The road – which was now just two wheel ruts – swung around in a loop, for some reason, and then headed toward the top again. At that time of day, at that time of year, it was almost as if the road went right into the sun itself. The road went right up into that big ball of red fire, and at the top it was so bright that you could see for miles and miles. Down there, the way I came, you could see parts of the Tassanaqua as it wound through the valley. There was another river whose name I didn’t know, a bit further away. In a very far valley you could see Everett’s Corners, the closest town to Corley’s Crossing. I’d been there once. Yes, it was some view from up there on Dandridge Knob. But the view wasn’t why I came.
Up there on that lonely hill, in the lengthening shadow of the three oaks, was a church. Not a church anybody ever went to anymore; nobody went there. It was a ruined building, just four walls holding up what was left of a steeple. Some spots you could still see flecks of white paint, but mostly it was worn away. The grass grew two feet high, right up to the walls of that old church. I walked up there and looked at the front of that lonely building, whose front door was hanging on by the one hinge that hadn’t rusted through completely yet. Inside you could see rotting pews and what was left of a brass baptismal font. That was about all I knew of the inside; I never went in. Rusty nails, and all that. I guess you could say that even there, alone, I was a coward. I headed around back of the church, where an old iron fence, rusting away and half toppled over, wrapped around the church graveyard.
There were maybe thirty stones there. Some of them had been worn clean, so you couldn’t read the names. The others were jostled about, leaning as though they’d fall over one day but hadn’t quite got round to it. I suppose they’ll eventually get to it; nothing stands up forever. Anyway, this is why I liked to come up to the top of Dandridge Knob. I suppose you think it’s weird, me wanting to hang around where a bunch of dead people were; well, I sure wasn’t having a good time with the living. I liked to look at those old stones, to read the names on them. I tried to picture them, to think what their lives had been like. Pretty hard, I guess.
Here was Jonathan Ellers, 1832-1864. One stone for him, none others named Ellers. In fact, I didn’t know of anybody named Ellers anywhere in Corley’s Crossing. Jonathan must have been the last one. Here was an entire family: Eli Walling, 1803-1866. Wife Caroline, 1807-1860. Son Samuel, 1824-1862. Daughter Ophelia, 1828-1849. Daughter Cordelia, 1830. An entire family lived and died, and now they were buried there on top of Dandridge Knob. Almost all the men buried there died between 1861 and 1865, and most died in their twenties and thirties. Even I knew enough history to know that this was a Civil War graveyard. There was one stone that was quite a bit bigger than the others, and this one was the least weathered. It was carved out of black stone – granite, I suppose. The others were all white limestone or something. There was only one name on that stone, the family name: Dunmore. No other names. I wondered how many Dunmores were under that stone.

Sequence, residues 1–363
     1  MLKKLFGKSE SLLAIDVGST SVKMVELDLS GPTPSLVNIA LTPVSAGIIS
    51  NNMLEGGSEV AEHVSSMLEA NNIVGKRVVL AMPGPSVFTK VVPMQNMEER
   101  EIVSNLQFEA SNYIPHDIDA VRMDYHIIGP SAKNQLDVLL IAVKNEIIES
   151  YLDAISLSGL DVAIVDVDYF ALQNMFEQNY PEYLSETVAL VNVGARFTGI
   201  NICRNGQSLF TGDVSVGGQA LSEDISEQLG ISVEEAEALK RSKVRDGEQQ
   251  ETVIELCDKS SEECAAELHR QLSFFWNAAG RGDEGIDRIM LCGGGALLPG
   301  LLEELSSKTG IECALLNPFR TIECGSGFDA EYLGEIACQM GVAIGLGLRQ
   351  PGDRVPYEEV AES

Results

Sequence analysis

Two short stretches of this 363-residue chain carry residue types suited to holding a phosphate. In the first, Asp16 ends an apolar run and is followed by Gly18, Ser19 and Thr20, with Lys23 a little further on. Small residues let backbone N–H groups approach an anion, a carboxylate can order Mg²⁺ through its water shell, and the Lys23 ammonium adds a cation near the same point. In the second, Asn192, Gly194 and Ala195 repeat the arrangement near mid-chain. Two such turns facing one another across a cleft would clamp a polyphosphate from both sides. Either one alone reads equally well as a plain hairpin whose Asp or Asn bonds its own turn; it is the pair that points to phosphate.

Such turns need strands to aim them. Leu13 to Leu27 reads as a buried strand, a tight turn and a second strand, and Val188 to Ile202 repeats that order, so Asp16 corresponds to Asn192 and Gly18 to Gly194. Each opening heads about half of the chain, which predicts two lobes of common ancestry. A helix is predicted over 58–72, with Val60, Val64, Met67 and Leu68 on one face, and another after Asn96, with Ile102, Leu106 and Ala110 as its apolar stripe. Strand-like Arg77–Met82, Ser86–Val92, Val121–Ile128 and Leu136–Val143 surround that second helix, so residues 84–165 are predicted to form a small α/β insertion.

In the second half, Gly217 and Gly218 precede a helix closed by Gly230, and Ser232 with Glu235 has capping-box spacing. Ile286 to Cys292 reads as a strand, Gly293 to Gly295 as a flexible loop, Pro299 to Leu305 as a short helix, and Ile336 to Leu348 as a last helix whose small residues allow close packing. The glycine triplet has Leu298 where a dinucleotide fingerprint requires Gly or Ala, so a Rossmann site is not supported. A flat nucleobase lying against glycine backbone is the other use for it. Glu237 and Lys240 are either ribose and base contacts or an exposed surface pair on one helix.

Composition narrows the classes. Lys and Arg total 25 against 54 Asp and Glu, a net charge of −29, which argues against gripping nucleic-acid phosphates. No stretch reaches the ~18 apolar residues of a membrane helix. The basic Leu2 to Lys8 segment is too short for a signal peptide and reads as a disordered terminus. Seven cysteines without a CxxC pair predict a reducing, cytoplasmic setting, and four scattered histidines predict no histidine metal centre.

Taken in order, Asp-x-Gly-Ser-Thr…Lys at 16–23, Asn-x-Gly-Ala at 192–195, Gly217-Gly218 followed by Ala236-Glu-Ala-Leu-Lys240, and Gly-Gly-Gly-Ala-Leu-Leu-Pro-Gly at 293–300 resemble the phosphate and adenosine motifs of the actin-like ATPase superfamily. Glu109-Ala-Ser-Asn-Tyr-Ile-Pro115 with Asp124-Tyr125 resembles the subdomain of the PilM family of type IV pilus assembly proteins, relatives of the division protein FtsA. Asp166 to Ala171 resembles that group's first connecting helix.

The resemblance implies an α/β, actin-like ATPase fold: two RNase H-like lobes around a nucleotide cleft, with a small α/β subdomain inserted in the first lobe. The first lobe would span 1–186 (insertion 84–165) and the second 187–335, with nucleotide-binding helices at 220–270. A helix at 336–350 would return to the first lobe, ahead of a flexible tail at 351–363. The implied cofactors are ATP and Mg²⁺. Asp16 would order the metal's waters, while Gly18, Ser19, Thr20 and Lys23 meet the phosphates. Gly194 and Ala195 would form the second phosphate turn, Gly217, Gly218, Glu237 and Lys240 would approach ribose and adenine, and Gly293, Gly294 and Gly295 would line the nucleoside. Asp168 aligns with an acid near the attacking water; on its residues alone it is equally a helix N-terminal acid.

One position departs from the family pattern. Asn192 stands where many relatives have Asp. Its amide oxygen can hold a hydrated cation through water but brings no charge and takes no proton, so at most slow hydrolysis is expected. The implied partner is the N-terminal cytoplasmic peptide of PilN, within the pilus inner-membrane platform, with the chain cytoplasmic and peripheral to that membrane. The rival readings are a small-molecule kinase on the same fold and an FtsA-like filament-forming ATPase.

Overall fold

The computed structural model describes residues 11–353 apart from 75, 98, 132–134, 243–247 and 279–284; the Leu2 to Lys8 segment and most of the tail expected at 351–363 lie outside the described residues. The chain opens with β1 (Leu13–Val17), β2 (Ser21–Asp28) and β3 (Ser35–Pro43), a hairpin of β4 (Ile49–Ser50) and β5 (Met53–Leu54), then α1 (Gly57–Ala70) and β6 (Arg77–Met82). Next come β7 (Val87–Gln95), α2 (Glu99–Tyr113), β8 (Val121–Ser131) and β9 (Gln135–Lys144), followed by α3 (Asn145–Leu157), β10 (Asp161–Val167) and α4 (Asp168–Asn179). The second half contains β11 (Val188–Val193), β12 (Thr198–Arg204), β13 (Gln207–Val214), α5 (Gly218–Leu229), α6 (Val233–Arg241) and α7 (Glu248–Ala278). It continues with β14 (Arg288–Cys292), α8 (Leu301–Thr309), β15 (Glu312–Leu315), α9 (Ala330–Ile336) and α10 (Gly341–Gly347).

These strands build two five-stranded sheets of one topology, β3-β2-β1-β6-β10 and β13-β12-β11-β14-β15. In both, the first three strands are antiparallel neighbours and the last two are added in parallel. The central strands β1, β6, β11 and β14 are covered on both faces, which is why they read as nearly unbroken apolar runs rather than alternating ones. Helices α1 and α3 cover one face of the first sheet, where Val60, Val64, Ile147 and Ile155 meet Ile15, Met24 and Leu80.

I sat there in that lonesome graveyard as the sun dipped toward the horizon. I watched a lot of sunsets up there. The one that night was as pretty as any, I suppose. Usually I went home just after the sun dropped away completely. If I stayed longer there wasn’t enough light to see my way. But that night I knew that there was going to be a full moon, or close to it. As long as it wasn’t cloudy, and there weren’t any in sight. I thought I’d stay a bit later than usual, maybe to see the first few stars. I also knew that the later I stayed, the more likely it was that Daddy would either be passed out or gone to the Morris. I was in no hurry to get home.
So that’s how I remember it: when the second star appeared, I heard the footsteps behind me. A crunching on the dried grass, a snapped twig or two. I froze, knowing that if I tried to hide I would only make noise and betray my hiding place. So I shrunk down, behind the tombstone where I was. This one was pretty big, so I would be able to hide behind it for a little while. It was in the shape of the Cross, and it was the only one up there shaped like that. Pretty strange for a church graveyard. The name on it was Aloysius Moss, 1801-1868. He was the oldest one buried there – I mean, the last one to die. Below his name something was carved in Latin. I suppose he was the church’s last Parson.